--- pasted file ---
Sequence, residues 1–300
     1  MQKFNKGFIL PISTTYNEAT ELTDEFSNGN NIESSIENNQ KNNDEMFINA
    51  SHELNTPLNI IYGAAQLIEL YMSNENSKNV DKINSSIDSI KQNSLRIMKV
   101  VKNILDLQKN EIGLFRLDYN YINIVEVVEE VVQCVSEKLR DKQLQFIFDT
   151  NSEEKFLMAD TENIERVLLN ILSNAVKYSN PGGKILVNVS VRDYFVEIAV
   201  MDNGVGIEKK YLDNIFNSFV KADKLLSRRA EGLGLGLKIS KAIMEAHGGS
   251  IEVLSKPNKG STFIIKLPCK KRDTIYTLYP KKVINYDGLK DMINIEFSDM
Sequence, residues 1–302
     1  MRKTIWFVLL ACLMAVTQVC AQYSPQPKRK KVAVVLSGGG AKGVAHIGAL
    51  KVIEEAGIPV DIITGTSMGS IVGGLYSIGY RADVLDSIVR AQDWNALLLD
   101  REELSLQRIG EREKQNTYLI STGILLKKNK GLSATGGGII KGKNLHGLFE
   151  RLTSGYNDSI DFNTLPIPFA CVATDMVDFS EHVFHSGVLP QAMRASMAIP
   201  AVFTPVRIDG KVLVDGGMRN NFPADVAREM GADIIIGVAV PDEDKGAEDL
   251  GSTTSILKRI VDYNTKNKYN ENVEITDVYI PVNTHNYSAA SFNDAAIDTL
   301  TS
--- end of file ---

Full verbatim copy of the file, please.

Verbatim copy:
Sequence, residues 1–300
     1  MQKFNKGFIL PISTTYNEAT ELTDEFSNGN NIESSIENNQ KNNDEMFINA
    51  SHELNTPLNI IYGAAQLIEL YMSNENSKNV DKINSSIDSI KQNSLRIMKV
   101  VKNILDLQKN EIGLFRLDYN YINIVEVVEE VVQCVSEKLR DKQLQFIFDT
   151  NSEEKFLMAD TENIERVLLN ILSNAVKYSN PGGKILVNVS VRDYFVEIAV
   201  MDNGVGIEKK YLDNIFNSFV KADKLLSRRA EGLGLGLKIS KAIMEAHGGS
   251  IEVLSKPNKG STFIIKLPCK KRDTIYTLYP KKVINYDGLK DMINIEFSDM
Sequence, residues 1–302
     1  MRKTIWFVLL ACLMAVTQVC AQYSPQPKRK KVAVVLSGGG AKGVAHIGAL
    51  KVIEEAGIPV DIITGTSMGS IVGGLYSIGY RADVLDSIVR AQDWNALLLD
   101  REELSLQRIG EREKQNTYLI STGILLKKNK GLSATGGGII KGKNLHGLFE
   151  RLTSGYNDSI DFNTLPIPFA CVATDMVDFS EHVFHSGVLP QAMRASMAIP
   201  AVFTPVRIDG KVLVDGGMRN NFPADVAREM GADIIIGVAV PDEDKGAEDL
   251  GSTTSILKRI VDYNTKNKYN ENVEITDVYI PVNTHNYSAA SFNDAAIDTL
   301  TS